Mixed Reality Maps to help convey disaster information
- 1WSL-Institute for Snow and Avalanche Research SLF, Switzerland
- 2Munich Fire Brigade, Germany
- 3Chair of Cartography, Technical University of Munich, Germany
Keywords: augmented reality, mixed reality, 3d visualization, geo-visualization, emergency management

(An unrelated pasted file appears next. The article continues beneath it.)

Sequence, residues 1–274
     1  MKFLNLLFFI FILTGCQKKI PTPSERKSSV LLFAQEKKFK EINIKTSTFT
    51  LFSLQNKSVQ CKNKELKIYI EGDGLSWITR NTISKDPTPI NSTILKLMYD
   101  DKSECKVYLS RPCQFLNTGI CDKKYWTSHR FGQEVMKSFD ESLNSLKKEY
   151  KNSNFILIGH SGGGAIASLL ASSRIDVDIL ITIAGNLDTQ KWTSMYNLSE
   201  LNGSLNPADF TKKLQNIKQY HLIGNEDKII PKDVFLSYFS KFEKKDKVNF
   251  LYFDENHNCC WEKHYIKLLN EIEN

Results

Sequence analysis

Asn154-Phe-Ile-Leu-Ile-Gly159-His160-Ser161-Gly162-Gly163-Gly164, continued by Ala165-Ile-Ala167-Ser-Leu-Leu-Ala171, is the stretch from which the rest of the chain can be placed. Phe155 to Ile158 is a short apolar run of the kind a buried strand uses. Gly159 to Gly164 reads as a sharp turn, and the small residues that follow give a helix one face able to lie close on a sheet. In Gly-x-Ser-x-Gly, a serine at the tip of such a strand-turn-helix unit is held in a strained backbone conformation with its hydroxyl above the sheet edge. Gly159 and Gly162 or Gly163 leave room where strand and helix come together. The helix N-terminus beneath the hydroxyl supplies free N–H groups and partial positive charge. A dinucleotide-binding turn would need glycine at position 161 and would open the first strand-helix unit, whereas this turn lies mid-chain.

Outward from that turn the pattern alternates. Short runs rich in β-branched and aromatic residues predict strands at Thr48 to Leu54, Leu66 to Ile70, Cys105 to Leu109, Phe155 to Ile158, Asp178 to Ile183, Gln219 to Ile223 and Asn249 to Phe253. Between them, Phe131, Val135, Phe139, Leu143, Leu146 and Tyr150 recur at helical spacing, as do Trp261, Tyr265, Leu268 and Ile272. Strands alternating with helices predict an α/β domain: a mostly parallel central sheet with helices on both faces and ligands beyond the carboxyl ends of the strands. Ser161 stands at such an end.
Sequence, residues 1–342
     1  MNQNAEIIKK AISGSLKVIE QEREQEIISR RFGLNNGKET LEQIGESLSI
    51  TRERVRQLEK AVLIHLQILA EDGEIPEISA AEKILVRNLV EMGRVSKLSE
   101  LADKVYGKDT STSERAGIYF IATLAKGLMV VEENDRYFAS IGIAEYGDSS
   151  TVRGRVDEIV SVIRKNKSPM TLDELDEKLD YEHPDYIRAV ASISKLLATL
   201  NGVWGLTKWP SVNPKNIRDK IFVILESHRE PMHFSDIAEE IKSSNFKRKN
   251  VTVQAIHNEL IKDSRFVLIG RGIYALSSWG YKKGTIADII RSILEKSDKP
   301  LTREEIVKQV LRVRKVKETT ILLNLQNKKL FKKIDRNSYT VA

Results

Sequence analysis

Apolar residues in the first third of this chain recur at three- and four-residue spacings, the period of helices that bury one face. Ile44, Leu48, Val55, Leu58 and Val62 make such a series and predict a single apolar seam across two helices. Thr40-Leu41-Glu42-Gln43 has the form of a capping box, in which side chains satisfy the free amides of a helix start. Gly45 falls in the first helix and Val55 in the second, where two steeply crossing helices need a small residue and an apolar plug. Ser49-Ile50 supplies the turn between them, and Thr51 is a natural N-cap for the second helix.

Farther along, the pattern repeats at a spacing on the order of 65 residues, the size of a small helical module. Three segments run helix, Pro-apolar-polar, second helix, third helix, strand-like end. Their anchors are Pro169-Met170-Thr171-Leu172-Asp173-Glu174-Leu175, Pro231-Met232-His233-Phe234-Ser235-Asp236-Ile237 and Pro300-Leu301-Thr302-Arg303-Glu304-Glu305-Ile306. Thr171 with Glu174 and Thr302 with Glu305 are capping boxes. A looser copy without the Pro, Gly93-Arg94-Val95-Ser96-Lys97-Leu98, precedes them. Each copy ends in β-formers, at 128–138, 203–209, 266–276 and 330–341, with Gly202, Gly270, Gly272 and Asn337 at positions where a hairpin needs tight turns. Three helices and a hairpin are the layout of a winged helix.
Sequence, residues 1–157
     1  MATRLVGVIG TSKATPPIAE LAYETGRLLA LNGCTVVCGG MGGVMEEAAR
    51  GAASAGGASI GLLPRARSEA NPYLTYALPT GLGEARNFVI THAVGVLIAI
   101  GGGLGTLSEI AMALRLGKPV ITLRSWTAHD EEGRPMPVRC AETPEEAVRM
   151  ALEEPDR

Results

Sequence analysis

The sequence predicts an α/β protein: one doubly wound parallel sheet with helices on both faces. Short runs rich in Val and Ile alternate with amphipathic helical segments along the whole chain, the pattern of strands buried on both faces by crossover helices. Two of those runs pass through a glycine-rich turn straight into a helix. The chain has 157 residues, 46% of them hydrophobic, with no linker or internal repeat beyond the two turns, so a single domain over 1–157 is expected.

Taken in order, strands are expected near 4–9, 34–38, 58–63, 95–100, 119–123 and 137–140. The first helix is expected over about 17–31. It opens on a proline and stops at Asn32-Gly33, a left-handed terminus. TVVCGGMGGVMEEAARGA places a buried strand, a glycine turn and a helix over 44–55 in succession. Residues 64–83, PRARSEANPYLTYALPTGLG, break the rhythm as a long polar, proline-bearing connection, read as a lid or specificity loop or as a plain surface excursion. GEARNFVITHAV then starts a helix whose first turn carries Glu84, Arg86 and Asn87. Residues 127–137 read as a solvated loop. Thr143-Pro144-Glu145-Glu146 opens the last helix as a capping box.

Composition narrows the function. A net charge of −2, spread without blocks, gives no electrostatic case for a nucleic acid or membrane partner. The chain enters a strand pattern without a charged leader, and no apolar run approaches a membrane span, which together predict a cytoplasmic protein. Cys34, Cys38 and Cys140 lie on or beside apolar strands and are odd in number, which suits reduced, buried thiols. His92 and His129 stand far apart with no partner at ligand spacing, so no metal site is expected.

Abstract. In safe and industrialized nations most people have only been sporadically in contact with disaster information. But nevertheless, suitable cartographic products are needed to support first aid responders and help teams trying to save as many lives as possible in disaster events. The spatial information on which these teams have to rely on are currently maps without any interactivity and flexibility which was detected by a requirements analysis asking stakeholders working in the field of disaster management. Based on this analysis a tabletop mixed reality application was developed. Within the application two case study scenarios were integrated. Both scenarios together showed the flexibility of the mixed reality approach for representing disaster information in a suitable and feasible way. The first scenario illustrates a large fire event as well as several additional information sources which can assist response and management teams in various directions. The second scenario displays an earthquake event visualizing damaged and destroyed houses and streets. This scenario as well integrates many different information sources and spans from small scale area visualizations to large scale indoor maps for highlighting e.g. injured people in distinct rooms or floors. The resulting application was evaluated by experts. First the application was presented and explained to the experts. Afterwards the experts were asked in a structured interview how they would evaluate the usability and willingness to use such an application in real scenarios. The experts were impressed by the available possibilities in representing and integrating disaster information via the tabletop mixed reality approach yet mentioned that a head mounted device compared to a smartphone would be more beneficial in practice.